Golden Age Gardening Ease Up Don’t Give Up


Golden Age Gardening
  • Posted August 11, 2014

Many of us were first exposed to nature and what it has to offer, by watching our parents or grandparents tend their beautiful gardens during the summer days of our youth. Their love for the earth and having the ability to step out into the garden and cut a glorious fresh bouquet for the dining room table or picking a handful of fresh berries ripening in the warm summer sun outside the back door is what instilled a lifelong passion of gardening in us.

As we mature, our appreciation of growing fruit, flowers, and vegetables seems to deepen. Maybe because it helps us to recall the good memories of years gone by; or, maybe it’s because we just value being close to home. Whatever the reason, one thing is for sure; as young gardeners, we could amend, weed, plot and plant from sun-up ‘til sun-down. Our tired muscles could be soothed over night by soaking in a hot bath…. only to rise to do it all again the next day.

Now, as seasoned gardeners, we do not heal overnight, we need to take frequent breaks and we must be realistic about our strengths and limitations. Here are a few tips to help reduce the amount of work your garden demands from you and still have a beautiful landscape to enjoy.

Hydrangea -shrub

REDUCE AND REPLACE

Perennial gardens can require a high level of maintenance. Needing to divide and thin numerous varieties is strenuous and time consuming. It may be necessary to adapt your gardens style in order to reduce the amount of work required to keep it looking great. Consider replacing some of your perennials with shrubs. Shrubs come in a variety of sizes and bloom times and if you plan well, you can still enjoy flowering throughout the season and have plenty of diversity in form and size. When planting, use care to space them for their mature size, this information is available on the plant label. Look for roses, and shrubs that are recognized as “low care selections” with long bloom windows.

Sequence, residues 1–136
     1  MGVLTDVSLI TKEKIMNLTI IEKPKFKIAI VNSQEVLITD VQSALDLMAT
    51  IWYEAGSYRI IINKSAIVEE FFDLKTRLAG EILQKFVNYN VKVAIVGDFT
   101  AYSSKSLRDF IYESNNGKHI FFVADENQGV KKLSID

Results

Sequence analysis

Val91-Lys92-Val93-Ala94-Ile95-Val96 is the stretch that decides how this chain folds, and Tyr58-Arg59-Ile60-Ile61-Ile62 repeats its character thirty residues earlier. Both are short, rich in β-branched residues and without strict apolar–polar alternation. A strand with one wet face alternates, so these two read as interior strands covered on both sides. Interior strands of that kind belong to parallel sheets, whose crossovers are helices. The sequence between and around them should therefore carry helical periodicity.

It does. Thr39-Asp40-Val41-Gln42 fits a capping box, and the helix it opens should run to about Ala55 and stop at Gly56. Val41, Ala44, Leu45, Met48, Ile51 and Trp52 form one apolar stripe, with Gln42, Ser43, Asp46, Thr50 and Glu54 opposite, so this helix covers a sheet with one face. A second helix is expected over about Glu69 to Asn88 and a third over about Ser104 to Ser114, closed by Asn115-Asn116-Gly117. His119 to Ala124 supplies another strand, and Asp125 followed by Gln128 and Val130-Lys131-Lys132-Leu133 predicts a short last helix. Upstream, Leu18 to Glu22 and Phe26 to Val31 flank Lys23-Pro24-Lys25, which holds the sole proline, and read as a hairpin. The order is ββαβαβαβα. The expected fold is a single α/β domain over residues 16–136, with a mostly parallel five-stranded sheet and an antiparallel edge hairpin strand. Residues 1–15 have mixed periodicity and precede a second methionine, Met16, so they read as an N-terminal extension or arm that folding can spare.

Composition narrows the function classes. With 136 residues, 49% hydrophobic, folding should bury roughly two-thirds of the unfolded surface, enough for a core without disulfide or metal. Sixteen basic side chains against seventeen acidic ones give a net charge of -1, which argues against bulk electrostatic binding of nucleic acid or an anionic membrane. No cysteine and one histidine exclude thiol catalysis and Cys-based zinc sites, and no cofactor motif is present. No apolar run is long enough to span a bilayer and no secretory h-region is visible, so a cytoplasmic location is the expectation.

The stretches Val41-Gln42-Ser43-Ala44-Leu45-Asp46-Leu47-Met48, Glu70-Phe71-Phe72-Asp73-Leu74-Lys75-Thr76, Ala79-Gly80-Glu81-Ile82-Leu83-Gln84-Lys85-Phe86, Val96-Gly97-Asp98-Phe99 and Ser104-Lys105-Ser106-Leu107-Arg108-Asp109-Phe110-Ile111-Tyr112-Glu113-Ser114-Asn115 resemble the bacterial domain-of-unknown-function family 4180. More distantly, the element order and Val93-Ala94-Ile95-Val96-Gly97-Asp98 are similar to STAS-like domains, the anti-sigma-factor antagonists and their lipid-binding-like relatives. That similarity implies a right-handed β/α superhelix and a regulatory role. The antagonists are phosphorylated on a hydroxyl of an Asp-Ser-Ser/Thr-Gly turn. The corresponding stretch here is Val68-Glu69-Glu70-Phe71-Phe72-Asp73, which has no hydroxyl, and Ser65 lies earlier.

senior woman planting annuals REJECT and RESTRICT

When you can no longer spend hour upon hour manicuring the landscape any longer, due to an arthritic hip or bum knee, just shrug it off and reject perfection! Mother Nature does not clean up every last leaf in autumn and you don’t have to either. Dead foliage left under the shrubs serves very well as natural mulch, which will break down and add wonderful nutrients to the soil. The perfectly clipped hedges that you have taken such pride in over the years can be kept “tidy” with a light trimming instead of relentlessly fussing over them to keep them in line. There’s no doubt but that annuals add plenty of spark to the landscape, but perhaps the days of planting on your hands and knees are behind you. Restrict your planting of annuals to a few planters or hanging baskets for an added pop of color. A small grouping of containers will allow for more manageable watering and deadheading.

garden bench

REST… and relax

Be sure to incorporate a few sitting areas within the landscape and take time to rest frequently when working in the garden. After all, one of the reasons you have taken such delight in this passion over the years is the wonder and beauty of it all. 

Related Pages

The Ability to Garden: How to Garden Strong and Garden On

The Ability to Garden: How to Garden Strong and Garden On

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Kay Bishop
About the Author

Kay Bishop is a greenhouse grower/owner, artist, and horticulturist at MasterTag – a horticultural printing company.


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